“She has seen Rochester,” muttered the apprentice, turning away.
IN WHAT MANNER THE GROCER VICTUALLED HIS HOUSE.
Leonard Holt was wrong in his suspicions. Amabel had neither seen nor heard from Rochester. But, if the truth must be told, he was never out of her mind, and she found, to her cost, that the heart will not be controlled. Convinced of her noble lover’s perfidy, and aware she was acting wrongfully in cherishing a passion for him, after the exposure of his base designs towards herself, no reasoning of which she was capable could banish him from her thoughts, or enable her to transfer her affections to the apprentice.
This conflict of feeling produced its natural result. She became thoughtful and dejected—was often in tears—had no appetite—and could scarcely rouse herself sufficiently to undertake any sort of employment. Her mother watched her with great anxiety, and feared—though she sought to disguise it from herself—what was the real cause of her despondency.
Things were in this position at the end of the month, and it occasioned no surprise to Mrs. Bloundel, though it afflicted her deeply, to find that Amabel sedulously avoided the apprentice’s regards on their first meeting. When Doctor Hodges was gone, and the rest of the family had retired, she remarked to her husband, “Before you shut up the house as you propose, I should, wish one important matter settled.”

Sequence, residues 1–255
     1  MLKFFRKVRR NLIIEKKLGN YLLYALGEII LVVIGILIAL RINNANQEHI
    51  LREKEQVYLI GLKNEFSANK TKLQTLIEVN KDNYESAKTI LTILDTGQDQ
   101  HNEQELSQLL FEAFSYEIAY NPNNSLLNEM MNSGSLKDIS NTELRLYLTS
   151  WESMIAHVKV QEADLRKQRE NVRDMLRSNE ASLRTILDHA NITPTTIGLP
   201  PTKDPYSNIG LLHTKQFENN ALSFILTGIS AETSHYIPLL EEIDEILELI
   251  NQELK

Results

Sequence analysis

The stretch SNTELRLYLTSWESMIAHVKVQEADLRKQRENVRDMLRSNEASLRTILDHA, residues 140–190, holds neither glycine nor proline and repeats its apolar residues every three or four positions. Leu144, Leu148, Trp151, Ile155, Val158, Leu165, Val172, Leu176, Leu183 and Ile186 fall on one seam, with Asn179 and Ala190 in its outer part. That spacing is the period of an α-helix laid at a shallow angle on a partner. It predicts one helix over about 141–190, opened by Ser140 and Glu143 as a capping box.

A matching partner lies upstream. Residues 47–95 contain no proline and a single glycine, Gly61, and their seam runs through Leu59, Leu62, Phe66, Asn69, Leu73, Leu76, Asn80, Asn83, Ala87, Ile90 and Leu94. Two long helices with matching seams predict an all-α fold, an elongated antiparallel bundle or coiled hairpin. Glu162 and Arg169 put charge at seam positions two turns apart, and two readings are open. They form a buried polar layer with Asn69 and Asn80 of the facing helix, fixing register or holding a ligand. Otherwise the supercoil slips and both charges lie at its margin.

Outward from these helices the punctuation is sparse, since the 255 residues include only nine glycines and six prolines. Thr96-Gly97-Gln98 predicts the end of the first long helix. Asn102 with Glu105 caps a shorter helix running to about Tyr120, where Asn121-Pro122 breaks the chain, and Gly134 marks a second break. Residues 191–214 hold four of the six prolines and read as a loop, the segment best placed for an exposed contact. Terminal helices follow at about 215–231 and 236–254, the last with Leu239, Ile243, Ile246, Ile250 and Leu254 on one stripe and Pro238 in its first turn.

The grocer inquired what she meant.
“I should wish to have Amabel married,” was the answer.
“Married!” exclaimed Bloundel, in astonishment. “To whom?”
“To Leonard Holt.”
Bloundel could scarcely repress his displeasure.
“It will be time enough to talk of that a year hence,” he answered.
“I don’t think so,” returned his wife; “and now, since the proper time for the disclosure of the secret has arrived, I must tell you that the gallant who called himself Maurice Wyvil, and whom you so much dreaded, was no other than the Earl of Rochester.”
“Rochester!” echoed the grocer, while an angry flush stained his cheek; “has that libertine dared to enter my house?”
“Ay, and more than once,” replied Mrs. Bloundel.
“Indeed!” cried her husband, with difficulty controlling his indignation. “When was he here?—tell me quickly.”
His wife then proceeded to relate all that had occurred, and he listened with profound attention to her recital. At its close, he arose and paced the chamber for some time in great agitation.
At length he suddenly paused, and, regarding his wife with great sternness, observed, in a severe tone, “You have done very wrong in concealing this from me, Honora—very wrong.”
“If I have erred, it was to spare you uneasiness,” returned Mrs. Bloundel, bursting into tears. “Doctor Hodges agreed with me that it was better not to mention the subject while you had so many other anxieties pressing upon you.”